On an early evening in mid-December, Priya Amin was working from home, as she has since the pandemic started in the spring. Her then-six-year-old son, Kirin, asked her if she was done. (He’s since turned seven.) Amin, CEO of virtual childcare company Flexable, told him she still had work to do.
About ten minutes later, he came back into the room where she was working and handed her a drawing of two figures. She congratulated him on the drawing — and then she looked closer. It was a picture of the scene that had just taken place, where the child figure asks “Mommy are you done?” The mom in the drawing replies “no,” her eyes focused on the screen, her hands outstretched as if typing on a computer. At the top, he had written “It makes me sad!!!!!!”
“It hit me in my stomach,” Amin told HuffPost Canada.
The picture made her feel guilty, because this kind of scenario plays out regularly at her house, she said. Her husband was working at the same time, and their work responsibilities meant they weren’t spending as much quality time with their two kids as they would have liked. But they didn’t have a choice — like parents all over the world, they spend all of their time having to work, parent, teach, cook, clean, and deal with the stress of what’s happening in the world, all from home, all without a break. For both of them, remote work means after-hours emails and messages are eating into family time. It’s a lot to bear.
“It makes me kind of sad, because I feel like we all, especially working parents, feel like we have to shoulder this alone,” Amin said.
She shared Kirin’s drawing in what she and her co-workers call their “sanity thread,” a group message where they talk about things that aren’t work-related in an effort to maintain some human connection. It resonated with many of them, and they encouraged her to blog about it. The piece she posted on LinkedIn quickly went viral.
Since then, Amin has heard from parents all over the world who can relate to the difficulties of parenting through a pandemic.
“I really just wanted to offer that solace: Hey, we’re all feeling really shitty about this right now,” she said.
“I feel like we all, especially working parents, feel like we have to shoulder this alone.”
Kirin’s drawing also made her think about the effect this is having on children. “It’s a view into the mental health of our kids, too,” she said. “So much of how they communicate and interact, especially at that sweet, tender age of 5, 6, 7, is through pictures.”
For her kids, “every day is a different day.” There are days when the pandemic is hard for them, and “there are some days where I feel like they’re thriving and doing great.” In her estimation, the good days are the ones where she takes more breaks and checks in on them more often — but as she pointed out, that means less productivity at work. It’s a constant trade-off.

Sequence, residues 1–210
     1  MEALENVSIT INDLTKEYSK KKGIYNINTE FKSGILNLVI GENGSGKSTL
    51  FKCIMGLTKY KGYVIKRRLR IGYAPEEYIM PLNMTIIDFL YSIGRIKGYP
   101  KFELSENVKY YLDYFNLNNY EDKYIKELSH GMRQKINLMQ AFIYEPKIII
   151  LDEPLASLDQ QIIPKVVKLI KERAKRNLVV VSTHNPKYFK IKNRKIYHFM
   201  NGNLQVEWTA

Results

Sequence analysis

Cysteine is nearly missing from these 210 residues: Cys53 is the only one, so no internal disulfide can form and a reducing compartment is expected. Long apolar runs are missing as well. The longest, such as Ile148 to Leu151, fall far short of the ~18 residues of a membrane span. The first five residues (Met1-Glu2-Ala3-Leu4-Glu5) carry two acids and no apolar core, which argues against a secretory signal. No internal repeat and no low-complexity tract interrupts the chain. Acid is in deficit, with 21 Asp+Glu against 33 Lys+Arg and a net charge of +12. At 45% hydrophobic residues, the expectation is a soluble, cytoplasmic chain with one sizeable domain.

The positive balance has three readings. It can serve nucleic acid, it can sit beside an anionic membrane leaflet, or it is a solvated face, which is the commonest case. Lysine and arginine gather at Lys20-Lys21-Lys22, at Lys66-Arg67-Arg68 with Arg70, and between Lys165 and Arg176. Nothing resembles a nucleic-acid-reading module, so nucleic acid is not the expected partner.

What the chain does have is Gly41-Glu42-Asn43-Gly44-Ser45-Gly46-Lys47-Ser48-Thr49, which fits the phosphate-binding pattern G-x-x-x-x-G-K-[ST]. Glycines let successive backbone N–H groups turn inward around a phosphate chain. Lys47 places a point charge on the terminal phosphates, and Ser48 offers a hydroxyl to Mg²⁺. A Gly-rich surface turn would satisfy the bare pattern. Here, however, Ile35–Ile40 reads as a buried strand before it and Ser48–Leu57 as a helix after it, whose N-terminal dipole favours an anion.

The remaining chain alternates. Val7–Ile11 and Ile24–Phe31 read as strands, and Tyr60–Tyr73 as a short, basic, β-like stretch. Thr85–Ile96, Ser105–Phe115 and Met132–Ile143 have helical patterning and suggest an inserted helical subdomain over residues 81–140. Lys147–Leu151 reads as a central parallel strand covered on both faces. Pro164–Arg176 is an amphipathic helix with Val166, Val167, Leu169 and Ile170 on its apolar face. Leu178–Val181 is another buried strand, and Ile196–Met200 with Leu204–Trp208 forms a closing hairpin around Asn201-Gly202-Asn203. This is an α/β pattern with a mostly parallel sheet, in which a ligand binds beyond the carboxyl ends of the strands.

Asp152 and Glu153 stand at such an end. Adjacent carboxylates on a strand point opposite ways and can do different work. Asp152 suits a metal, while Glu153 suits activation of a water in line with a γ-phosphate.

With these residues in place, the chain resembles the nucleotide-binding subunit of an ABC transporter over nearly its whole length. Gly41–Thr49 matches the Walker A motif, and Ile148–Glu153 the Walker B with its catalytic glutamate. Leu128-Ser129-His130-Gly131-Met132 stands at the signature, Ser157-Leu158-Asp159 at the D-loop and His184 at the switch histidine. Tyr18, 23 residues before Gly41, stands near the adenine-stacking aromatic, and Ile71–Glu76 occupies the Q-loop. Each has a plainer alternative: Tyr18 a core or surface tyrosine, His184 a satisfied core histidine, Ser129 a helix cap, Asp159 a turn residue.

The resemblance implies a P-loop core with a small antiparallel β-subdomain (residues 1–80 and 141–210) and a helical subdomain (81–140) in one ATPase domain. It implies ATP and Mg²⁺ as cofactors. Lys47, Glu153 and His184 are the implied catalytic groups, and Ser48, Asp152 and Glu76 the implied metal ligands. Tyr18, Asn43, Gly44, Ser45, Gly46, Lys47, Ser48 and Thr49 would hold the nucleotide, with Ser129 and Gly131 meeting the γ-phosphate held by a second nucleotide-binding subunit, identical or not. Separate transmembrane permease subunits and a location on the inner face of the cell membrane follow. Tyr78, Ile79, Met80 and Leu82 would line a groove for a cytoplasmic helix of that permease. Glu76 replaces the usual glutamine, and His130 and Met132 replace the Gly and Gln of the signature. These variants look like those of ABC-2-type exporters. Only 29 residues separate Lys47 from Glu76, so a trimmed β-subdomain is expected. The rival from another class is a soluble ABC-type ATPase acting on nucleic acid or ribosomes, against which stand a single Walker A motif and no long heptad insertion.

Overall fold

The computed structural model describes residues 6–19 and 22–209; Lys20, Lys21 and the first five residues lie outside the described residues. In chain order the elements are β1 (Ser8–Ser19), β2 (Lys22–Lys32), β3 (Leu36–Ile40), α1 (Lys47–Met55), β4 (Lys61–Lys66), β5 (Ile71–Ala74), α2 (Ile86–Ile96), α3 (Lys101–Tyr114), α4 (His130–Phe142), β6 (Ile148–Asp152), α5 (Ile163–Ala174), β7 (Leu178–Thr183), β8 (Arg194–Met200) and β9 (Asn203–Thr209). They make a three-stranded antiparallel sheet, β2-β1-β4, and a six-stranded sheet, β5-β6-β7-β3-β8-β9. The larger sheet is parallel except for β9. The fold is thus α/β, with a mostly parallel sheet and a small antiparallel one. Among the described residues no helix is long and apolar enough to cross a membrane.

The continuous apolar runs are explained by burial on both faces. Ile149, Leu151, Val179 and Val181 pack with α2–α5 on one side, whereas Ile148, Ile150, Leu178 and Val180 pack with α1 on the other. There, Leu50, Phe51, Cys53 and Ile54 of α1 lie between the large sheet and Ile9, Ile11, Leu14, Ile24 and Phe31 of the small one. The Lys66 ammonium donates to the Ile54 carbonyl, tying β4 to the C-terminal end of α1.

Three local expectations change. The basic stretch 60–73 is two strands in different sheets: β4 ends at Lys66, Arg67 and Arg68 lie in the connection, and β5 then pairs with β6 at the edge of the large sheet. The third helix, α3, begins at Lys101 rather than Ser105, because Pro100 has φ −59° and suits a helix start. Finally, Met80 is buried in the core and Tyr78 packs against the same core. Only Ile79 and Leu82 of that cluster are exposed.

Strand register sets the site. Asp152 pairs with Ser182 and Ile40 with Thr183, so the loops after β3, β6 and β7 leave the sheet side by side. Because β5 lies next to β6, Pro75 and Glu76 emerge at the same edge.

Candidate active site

“I think we’re asking our kids to be self-sufficient a lot earlier than we’re comfortable with, and earlier than they’re capable of,” she said.
Watch: There is nothing more natural than mom guilt. Story continues after video.
That guilt about not being productive at work, or about not being an attentive enough parent, will never really go away. But Amin said the most effective way she’s found to deal with it is to just be vocal.
“I may be unique in this, but I think just putting it out there as much as possible,” she said. “Being honest about how you’re feeling is, at least from from my perspective, the healthiest thing that you can do. Internalizing that guilt or keeping it to yourself or feeling like ‘I need to suck it up, I need to be stronger’ — that is not the right way to approach this.”
She suggests other parents — and especially moms, who often feel more pressure to be providing childcare — talk to one another for support, and most importantly, talk to their employer about their challenges.
She worries about the lasting effects of the pandemic on women in the workplace, she said. Canadian participation in the workforce fell by almost 5 per cent between February and May, largely because it was women who left their jobs to look after children. And women of colour face even higher unemployment rates than white women.
“If there’s a collective rallying cry around: I need your support, you need to step up and provide more benefits for childcare, provide more things that are going to make me feel more supported from a mental health standpoint, or from a wellness standpoint, that’s going to alleviate that guilt,” she said.
“That guilt is driven by society.”